Executive Summary

Cities play an important role, not only in the UK economy, but the European one too. They account for just 3 per cent of the land area of Europe1 but 42 per cent of European gross value added (GVA).

Europe’s economy is particularly concentrated in its largest cities, with the continent’s 50 largest cities producing a quarter of European output. London is the leader, having the largest economy of any city in Europe. And Manchester and Birmingham are both among the top 20 largest cities.

But while the UK is home to Europe’s largest city, this report shows that its cities lag behind their continental comparators on a range of indicators – the majority trail on skills, innovation and productivity, and a number have an industrial mix that has more in common with cities in Eastern Europe than those in the West.

This matters because it affects the ability of UK cities to attract business investment, create jobs and grow both their own economies and in turn the UK economy as a whole. UK cities cannot compete with Eastern Europe for lower-skilled investment because they are too expensive – labour costs in Bulgaria are six times cheaper than the UK. But because of the large number of people with few or no qualifications, many UK cities struggle to compete for higher-skilled investment too, particularly those further north. All but six UK cities have greater shares of their residents with few or no formal qualifications than the European city average.

The result is that UK cities are much less productive than cities on the continent. Just six cities had higher productivity than the European city average. And of the UK’s largest cities, London was the only city to outperform this average. This impacts both the types of jobs available to people in the UK and the amount of money in their pay packets.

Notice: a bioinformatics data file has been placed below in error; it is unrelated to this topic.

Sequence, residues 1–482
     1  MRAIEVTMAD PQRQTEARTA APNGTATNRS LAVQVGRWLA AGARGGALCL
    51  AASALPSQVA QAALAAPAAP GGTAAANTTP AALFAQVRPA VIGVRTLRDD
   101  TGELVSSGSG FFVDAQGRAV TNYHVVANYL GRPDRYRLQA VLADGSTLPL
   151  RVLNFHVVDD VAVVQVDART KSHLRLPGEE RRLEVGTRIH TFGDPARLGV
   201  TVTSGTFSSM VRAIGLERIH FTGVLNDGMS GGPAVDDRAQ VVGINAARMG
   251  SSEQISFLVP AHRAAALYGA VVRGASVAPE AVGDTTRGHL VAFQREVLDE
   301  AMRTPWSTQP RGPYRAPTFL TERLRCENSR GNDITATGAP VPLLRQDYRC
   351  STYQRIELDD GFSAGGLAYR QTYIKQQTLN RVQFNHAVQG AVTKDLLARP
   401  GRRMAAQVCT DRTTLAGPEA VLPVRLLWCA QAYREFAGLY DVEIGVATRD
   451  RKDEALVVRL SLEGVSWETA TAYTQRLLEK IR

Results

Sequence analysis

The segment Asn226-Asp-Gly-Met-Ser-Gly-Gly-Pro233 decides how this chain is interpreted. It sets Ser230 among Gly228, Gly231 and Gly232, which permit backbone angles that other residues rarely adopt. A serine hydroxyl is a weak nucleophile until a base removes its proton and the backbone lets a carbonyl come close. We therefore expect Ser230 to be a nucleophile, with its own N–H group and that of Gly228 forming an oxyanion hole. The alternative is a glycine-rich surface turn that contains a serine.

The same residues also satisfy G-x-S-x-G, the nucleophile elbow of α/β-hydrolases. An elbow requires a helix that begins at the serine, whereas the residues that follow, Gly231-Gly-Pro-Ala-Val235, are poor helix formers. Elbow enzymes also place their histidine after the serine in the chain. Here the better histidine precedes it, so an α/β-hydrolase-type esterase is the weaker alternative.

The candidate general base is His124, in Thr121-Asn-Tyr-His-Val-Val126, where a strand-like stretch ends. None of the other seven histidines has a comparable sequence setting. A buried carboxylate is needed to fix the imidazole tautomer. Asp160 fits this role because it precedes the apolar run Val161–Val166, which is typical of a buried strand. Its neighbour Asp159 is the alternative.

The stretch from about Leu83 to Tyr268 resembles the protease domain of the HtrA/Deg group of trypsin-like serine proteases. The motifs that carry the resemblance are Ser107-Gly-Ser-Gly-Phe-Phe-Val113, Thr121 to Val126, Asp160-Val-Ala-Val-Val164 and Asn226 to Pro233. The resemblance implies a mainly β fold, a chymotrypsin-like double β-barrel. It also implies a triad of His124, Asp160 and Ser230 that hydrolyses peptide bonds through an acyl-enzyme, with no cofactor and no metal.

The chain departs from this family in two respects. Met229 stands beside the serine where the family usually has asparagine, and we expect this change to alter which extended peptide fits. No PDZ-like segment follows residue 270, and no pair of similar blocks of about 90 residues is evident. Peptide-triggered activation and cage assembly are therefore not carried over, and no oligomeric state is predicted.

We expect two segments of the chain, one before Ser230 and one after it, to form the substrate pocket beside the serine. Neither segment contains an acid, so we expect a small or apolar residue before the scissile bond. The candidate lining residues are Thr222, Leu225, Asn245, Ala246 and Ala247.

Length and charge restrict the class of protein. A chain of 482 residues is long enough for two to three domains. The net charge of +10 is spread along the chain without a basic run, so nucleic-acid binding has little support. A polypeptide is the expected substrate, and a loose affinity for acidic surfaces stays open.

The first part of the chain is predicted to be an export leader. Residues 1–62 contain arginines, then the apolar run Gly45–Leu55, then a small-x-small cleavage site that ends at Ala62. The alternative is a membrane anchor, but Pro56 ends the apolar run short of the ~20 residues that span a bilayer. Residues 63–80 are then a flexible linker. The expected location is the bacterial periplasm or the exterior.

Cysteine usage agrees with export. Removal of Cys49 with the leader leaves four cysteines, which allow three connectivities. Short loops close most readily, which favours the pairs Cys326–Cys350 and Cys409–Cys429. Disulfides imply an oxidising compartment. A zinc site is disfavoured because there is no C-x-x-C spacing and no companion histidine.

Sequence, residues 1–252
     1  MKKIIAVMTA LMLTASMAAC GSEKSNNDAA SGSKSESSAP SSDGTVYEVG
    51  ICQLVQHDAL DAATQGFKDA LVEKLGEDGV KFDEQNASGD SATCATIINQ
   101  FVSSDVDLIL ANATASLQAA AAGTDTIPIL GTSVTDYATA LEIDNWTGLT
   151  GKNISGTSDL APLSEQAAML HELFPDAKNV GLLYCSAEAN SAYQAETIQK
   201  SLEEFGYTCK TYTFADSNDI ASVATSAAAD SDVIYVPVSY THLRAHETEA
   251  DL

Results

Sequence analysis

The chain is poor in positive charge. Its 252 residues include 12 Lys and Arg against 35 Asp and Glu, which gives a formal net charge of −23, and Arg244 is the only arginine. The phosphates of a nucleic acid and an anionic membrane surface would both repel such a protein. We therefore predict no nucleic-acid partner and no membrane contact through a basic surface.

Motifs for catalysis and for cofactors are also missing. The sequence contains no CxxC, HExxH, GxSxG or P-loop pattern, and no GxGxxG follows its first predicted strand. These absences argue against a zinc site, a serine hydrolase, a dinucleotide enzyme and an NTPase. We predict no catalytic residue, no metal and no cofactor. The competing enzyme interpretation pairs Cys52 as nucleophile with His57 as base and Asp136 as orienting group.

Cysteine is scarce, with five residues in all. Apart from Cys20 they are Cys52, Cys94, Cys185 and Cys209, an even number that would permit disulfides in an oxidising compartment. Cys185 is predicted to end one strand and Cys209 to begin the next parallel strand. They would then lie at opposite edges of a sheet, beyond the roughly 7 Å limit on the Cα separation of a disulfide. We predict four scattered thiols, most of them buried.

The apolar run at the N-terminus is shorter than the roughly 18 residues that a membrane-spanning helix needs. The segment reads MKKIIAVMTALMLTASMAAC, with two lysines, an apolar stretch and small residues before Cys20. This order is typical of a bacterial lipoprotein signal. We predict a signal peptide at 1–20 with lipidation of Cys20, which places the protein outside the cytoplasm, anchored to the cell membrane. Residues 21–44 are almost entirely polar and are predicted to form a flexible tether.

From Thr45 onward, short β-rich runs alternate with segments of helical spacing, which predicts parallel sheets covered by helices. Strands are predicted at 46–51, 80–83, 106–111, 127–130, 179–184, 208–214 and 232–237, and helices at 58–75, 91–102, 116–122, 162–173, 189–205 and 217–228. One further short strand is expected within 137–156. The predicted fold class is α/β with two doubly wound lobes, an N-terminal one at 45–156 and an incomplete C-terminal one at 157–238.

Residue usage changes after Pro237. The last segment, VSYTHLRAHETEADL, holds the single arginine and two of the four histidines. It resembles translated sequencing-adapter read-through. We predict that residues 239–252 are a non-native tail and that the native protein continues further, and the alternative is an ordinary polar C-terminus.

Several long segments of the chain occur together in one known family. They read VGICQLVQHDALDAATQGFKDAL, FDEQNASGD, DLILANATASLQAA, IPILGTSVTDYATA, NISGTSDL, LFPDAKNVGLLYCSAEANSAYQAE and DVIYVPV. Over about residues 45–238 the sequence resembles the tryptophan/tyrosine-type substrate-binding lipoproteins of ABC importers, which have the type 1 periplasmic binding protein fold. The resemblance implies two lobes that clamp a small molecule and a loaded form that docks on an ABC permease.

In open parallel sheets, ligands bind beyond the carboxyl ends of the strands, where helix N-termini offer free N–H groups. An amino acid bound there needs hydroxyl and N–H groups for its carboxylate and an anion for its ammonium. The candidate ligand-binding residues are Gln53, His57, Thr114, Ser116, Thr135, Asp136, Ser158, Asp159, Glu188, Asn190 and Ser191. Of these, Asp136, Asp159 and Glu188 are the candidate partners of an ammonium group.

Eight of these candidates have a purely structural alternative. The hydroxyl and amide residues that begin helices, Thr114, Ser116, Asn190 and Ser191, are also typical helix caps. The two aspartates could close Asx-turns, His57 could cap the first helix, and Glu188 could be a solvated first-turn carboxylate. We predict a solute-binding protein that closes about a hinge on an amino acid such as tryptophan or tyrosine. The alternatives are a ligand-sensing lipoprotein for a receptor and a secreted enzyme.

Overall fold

These findings have three implications for policy.

1. UK cities need to compete in the knowledge economy if they are to be successful

Many cities, particularly in the North of England, are struggling to compete when it comes to the knowledge economy. They have small shares of business services jobs in their cities, low levels of patent activity and large numbers of residents with few or no formal qualifications.

This must change if cities are to successfully compete for international investment. Policy should focus on making the UK’s cities more attractive to investment from businesses in higher-skilled, better-paid activities.

2. Low skills is a stand out problem

A major factor in a business deciding where to invest or where to expand is whether it can recruit the workers that it needs. This report shows that UK cities are at a disadvantage when competing against many other European cities on the avaliability of skilled labour. Policy must therefore address the skills challenges faced in many UK cities if it is to make them more competitive.

3. Making the most of big cities

The UK’s biggest cities are currently punching well below their weight. To change this policy needs to improve their two key advantages – their ability to create new ideas and spread information, and the access they give businesses to many highly-skilled workers. This requires planning policies that take account of the roles of different parts of cities, for example encouraging the creation of commercial space in dense city centres. It also requires investment in transport within cities and their wider areas to better link jobs in city centres in particular to residential areas in suburbs and hinterlands. This should be coupled with steps to improve the skills of residents.2

Footnotes